Faking a whole film as a single shot isn’t exactly a novel idea. Alfred Hitchcock did it in his 1948 “Rope” and the baffling Best Picture winner “Birdman” from a few years back pulled the same stunt for reasons that continue to escape me. Director Alfonso Cuarón and cinematographer Emmanuel Lubezki’s 2006 masterpiece “Children of Men” is probably to blame for the long-take craze of recent years, pioneering the invisible stitching of separate shots into fluid movements for its breathtaking battle sequences. Ever since then there’s been a sort of “my tracking shot is longer than yours” measuring contest going on with stuff like the Dunkirk scene in Joe Wright’s “Atonement” or any given moment of “The Revenant.”
Mendes dipped his toe in this already with the pre-credit sequence of his dire 007 picture “Spectre,” and it’s probably worth pointing out that directors like Martin Scorsese, Steven Spielberg and Paul Thomas Anderson, who were once renowned for their epic, impeccably choreographed Steadicam shots have largely steered clear of the practice now that they’re much easier to pull off and have become something of a fad. (Scorsese even slyly parodies his own with the wobbly opening nursing home shot of “The Irishman.”)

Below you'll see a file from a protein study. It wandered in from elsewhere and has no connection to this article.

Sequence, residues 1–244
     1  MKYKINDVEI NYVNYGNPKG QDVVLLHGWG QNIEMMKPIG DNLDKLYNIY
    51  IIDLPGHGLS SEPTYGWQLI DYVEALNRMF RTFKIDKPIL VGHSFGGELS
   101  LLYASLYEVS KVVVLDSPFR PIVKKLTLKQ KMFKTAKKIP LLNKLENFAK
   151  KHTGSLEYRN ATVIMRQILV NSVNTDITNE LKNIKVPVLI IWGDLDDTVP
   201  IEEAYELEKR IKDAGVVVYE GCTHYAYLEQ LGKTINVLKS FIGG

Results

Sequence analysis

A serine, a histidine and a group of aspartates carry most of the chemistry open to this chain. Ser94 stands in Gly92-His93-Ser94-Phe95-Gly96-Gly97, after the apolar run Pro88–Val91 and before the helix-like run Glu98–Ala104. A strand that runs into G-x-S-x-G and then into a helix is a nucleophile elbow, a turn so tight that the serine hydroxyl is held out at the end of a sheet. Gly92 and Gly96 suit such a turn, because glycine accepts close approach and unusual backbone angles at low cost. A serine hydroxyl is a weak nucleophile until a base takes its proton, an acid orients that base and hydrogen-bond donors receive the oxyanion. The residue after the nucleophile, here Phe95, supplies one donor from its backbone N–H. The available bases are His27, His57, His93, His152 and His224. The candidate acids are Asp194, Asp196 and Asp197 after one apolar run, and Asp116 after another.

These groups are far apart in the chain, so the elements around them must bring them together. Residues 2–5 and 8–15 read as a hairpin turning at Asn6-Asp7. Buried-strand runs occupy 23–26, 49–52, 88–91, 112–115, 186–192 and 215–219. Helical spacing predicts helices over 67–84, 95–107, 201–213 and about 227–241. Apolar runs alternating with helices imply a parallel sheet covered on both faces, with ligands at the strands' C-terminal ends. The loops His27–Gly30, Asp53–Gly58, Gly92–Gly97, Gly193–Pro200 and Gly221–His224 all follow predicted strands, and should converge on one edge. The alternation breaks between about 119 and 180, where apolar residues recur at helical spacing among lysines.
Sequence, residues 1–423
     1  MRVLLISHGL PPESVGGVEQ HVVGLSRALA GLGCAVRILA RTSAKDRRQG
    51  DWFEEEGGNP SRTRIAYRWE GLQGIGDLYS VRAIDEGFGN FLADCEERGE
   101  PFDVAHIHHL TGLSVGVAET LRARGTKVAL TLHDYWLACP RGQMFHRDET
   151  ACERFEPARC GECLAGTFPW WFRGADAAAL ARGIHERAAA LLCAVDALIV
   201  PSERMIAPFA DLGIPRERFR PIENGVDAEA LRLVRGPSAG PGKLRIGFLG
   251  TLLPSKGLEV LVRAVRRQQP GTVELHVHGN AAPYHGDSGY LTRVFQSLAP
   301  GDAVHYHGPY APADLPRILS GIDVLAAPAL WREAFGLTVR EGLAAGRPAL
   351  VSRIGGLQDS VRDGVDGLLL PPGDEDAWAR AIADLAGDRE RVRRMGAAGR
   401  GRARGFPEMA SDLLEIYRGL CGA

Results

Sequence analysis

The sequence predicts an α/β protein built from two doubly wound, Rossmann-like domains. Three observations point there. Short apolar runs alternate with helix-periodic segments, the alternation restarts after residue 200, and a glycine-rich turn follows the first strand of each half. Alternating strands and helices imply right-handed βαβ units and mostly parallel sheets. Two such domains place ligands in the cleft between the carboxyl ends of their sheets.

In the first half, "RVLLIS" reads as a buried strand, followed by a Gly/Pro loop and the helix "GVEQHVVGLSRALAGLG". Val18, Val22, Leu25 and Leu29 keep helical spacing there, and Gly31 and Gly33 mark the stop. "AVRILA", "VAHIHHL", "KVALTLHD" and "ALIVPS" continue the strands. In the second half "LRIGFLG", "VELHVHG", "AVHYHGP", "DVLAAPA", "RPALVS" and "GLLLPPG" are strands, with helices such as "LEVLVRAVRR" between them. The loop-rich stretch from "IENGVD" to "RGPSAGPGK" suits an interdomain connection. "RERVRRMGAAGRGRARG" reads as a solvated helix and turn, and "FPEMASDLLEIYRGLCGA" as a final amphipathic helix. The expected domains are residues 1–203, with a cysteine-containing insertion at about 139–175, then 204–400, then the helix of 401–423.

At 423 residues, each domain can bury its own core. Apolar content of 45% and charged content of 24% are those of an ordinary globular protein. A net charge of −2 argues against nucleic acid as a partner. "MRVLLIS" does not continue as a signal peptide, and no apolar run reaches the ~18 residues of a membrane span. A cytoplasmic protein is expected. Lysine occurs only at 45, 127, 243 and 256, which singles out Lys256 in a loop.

With only one obviously visible cut to black after a character is knocked unconscious — a sneaky way for Mendes and Deakins to fudge the timeline and jump ahead a few hours — “1917” suffers from logy pacing and awkward patches of dead air. It turns out that editing is important — it’s a crucial tool used for shaping scenes to give them direction and internal rhythm, or just to skip over some of the boring stuff while your protagonists are walking around a giant puddle.